Recently on CNBC, I discussed technological disruption in the auto industry from car sharing, autonomy and electric vehicles. I argued that batteries were likely to be similar to microchips – falling 20% in price every year – and could therefore disrupt the internal combustion engine.
The rise of Chelsea and Man City shows that it takes a lot of money to break into the Champions League elite, but once you're there, it creates a virtuous circle. The same is true for inflation. There is a self-reinforcing loop of high inflation expectations, wages and prices. But the 2014 oil shock looks to have knocked the US and Japan out. Consumers' inflation expectations remain stubbornly low.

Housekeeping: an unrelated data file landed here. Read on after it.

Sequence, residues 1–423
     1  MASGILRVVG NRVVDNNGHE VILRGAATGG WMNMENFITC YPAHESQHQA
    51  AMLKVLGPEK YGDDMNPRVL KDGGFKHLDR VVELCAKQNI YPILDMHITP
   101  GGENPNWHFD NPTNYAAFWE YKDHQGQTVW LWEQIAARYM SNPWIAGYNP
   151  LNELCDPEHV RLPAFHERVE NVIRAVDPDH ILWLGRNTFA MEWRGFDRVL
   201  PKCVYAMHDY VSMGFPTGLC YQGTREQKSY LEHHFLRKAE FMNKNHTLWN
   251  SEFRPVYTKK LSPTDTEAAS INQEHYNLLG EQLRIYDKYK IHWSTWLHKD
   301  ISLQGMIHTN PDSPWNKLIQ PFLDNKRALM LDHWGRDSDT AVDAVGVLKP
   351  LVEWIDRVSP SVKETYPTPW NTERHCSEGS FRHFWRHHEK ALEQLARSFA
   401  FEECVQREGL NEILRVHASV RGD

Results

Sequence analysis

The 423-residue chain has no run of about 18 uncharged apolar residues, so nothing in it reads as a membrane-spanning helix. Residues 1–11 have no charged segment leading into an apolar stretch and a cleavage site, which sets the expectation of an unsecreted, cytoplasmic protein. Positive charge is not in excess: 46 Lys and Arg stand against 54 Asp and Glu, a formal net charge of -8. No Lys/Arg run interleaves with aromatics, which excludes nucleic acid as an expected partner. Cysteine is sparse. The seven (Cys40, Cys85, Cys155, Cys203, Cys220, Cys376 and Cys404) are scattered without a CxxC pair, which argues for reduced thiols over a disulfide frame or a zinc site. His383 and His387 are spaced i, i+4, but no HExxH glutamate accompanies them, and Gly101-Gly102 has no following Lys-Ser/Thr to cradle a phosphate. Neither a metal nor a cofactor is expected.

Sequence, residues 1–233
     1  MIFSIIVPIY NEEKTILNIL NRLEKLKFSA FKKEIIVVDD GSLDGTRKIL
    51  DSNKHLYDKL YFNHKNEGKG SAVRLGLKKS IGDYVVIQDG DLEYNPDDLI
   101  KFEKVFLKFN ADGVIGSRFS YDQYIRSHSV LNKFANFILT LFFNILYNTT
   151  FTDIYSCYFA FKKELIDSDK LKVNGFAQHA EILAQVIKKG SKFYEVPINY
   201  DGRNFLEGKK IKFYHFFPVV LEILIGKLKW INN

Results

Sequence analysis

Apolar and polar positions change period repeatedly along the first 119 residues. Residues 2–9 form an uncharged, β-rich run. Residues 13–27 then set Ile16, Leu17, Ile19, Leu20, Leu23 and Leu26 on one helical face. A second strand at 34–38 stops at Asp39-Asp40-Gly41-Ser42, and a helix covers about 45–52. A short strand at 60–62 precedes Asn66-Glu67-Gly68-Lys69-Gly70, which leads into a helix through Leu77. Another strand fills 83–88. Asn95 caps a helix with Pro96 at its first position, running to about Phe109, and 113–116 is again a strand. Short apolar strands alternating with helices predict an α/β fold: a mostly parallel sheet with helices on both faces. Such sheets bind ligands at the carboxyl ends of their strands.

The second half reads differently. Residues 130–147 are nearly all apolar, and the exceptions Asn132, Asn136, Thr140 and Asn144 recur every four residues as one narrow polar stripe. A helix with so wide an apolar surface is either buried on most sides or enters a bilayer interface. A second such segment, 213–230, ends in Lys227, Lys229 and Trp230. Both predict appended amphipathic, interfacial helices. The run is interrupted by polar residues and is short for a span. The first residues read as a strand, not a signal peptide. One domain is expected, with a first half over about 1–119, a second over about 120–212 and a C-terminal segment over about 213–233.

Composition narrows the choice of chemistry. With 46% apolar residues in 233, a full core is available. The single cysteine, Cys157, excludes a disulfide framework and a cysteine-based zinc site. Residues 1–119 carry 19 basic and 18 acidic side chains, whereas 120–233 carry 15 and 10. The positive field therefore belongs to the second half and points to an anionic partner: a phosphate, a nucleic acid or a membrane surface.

We have become more constructive on commodities this summer, in particular on the energy complex. After many years of supply outstripping demand in oil markets leading to rising inventories, we now see the oil market moving towards balance in 2017. But is buying commodities directly the best way to express our view?
The game's far from over for oil producers but we're into what may well be the crucial quarter for all involved. US producers are suffering from lower prices but right now the supply shock story has moved east, with Iran, Saudi Arabia and Kuwait set to make the running over the next few months.